Medical fund established for Ernie Sykes

Among formerly young people, one of the most fearsome health risks is stroke. The warning signs are often invisible, but the devastating effects can be dreadful, especially to a musician who makes their living and their life with their hands. Recovery time can be quite long, measured in years, and if the stroke is severe, you may end up alive but permanently unable to return to the life you had beforehand.

We’ve just learned that such is the fate of beloved Nashville musician Ernie Sykes who suffered a stroke on March 9. He is currently unable to perform, and facing a typically lengthy recovery.

Over the years, Ernie has played bass with some of the top acts in bluegrass, including Bill Monroe, Jimmy Martin, The Osborne Brothers, The Reno Brothers, and several others. He has been a loyal sideman in the Nashville scene and a first call studio musician. More recently, he had been living in New York caring for his elderly mother, but still touring with the The Tennessee Mafia Jug Band.

We don’t yet know a lot about his condition, and will update this post as we learn more. Sykes is currently in Nashville, but not only has emergency living expenses while unable to work, he has incurred additional costs for someone else to care for his mom in his absence.

A GoFundMe page has been establish to help raise money on his behalf. Ernie has many friends in the bluegrass world with whom he has shared a laugh and a song. This would be a fine time to pay a little of that back and make a donation.

GoFundMe can accept credit card or PayPal donations in a secure environment online.

Get well soon, Ernie!

UPDATE 11:15 – We spoke moments ago with Ernie’s girlfriend, Sherri Forrest, who was with him when the stroke occurred. She tells us that he is doing much better, but still has some difficulty walking and has no use of his right hand. The doctors have told them that they expect him to recover facility with his hand, but it could take a year or more.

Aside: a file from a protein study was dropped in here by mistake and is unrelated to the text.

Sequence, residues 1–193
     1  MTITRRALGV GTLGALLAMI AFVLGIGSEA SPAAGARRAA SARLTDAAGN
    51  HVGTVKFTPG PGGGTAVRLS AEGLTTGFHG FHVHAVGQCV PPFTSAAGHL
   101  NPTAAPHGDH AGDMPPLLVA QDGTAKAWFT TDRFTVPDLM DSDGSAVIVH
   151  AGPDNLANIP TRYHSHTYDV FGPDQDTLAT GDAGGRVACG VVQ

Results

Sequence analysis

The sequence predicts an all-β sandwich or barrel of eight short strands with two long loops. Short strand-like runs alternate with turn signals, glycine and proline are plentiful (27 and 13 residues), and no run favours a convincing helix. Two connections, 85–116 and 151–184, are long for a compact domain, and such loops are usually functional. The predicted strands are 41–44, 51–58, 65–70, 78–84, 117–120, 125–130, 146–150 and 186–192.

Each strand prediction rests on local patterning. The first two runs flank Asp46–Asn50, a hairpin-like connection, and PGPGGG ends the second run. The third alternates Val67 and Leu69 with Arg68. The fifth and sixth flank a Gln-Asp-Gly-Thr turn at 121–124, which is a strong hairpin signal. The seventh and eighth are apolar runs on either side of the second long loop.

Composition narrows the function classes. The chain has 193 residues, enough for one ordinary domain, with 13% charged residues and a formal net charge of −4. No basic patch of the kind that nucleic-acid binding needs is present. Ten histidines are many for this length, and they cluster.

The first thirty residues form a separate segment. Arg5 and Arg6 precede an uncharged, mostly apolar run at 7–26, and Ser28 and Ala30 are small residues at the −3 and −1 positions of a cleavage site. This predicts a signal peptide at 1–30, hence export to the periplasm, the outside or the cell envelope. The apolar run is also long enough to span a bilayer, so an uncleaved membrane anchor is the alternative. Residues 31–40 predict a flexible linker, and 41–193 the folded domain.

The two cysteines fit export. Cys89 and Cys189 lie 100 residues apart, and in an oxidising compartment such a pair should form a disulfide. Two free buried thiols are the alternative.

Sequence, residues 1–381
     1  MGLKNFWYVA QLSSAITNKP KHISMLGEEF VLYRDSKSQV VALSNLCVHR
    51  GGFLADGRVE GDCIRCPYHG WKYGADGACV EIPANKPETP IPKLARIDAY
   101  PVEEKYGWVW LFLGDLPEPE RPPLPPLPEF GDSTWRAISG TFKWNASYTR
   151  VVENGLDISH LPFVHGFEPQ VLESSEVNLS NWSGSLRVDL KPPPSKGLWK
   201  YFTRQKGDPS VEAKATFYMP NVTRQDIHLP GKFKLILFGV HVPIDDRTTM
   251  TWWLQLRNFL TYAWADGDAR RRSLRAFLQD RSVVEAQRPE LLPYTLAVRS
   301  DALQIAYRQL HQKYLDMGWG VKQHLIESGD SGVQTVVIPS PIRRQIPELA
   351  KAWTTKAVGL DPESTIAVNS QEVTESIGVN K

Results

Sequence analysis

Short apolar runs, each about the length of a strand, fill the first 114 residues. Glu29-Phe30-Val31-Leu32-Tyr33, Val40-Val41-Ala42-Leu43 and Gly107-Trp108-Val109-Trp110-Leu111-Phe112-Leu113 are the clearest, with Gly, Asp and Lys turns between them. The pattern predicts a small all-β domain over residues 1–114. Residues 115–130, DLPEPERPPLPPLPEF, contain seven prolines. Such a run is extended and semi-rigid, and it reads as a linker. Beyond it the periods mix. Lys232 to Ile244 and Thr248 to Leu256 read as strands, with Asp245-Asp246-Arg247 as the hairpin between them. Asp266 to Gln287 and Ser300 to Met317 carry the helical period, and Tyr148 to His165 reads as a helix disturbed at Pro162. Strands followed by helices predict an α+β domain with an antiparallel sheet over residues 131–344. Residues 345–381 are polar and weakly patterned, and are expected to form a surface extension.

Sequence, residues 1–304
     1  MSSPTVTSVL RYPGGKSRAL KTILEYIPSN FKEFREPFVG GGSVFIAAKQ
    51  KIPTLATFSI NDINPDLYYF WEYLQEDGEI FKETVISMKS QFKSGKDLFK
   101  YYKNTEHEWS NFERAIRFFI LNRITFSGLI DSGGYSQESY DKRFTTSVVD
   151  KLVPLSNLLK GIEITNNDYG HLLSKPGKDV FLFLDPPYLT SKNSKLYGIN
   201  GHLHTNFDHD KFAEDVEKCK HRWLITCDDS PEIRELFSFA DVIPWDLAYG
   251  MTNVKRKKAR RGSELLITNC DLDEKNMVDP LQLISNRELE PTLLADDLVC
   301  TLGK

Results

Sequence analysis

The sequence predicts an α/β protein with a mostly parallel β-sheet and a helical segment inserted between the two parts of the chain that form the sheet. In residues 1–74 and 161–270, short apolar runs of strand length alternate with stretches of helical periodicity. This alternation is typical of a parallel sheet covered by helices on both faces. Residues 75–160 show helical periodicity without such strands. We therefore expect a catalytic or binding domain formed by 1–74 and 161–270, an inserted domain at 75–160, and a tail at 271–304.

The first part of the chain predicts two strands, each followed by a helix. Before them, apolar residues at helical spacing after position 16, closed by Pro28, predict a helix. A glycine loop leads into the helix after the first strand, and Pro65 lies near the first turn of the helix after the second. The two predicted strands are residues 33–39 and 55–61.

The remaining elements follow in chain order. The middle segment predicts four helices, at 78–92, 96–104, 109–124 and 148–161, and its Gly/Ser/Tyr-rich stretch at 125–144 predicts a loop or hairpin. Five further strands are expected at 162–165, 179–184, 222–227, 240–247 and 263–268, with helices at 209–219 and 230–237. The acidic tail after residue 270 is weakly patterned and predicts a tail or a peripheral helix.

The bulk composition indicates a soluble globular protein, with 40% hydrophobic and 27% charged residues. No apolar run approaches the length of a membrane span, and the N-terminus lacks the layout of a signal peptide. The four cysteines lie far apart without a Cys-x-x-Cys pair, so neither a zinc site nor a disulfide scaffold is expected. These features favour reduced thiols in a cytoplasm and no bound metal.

There is only minor speech impairment, and Sherri says that he is singing some every day. She will be bringing him to the Jug Band’s show this weekend where he will at least sing a song with them on stage.

When this first happened in March, Sykes was hospitalized in the ICU for 7 days, and spent the next two weeks in rehab. He’s staying with friends now in Nashville, and doing his best to fight off the depression that is so common when one is sidelined by a stroke.

Mike Armistead has announced plans to host a benefit concert later this spring, but no details have yet been released.

Sherri says that it is quite fortunate that Ernie didn’t suffer more serious impairment, as his stroke was occurring throughout the day of March 9 while he was traveling from New York to Nashville by plane.

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About the Author

John Lawless

John had served as primary author and editor for The Bluegrass Blog from its launch in 2006 until being folded into Bluegrass Today in September of 2011. He continues in that capacity here, managing a strong team of columnists and correspondents.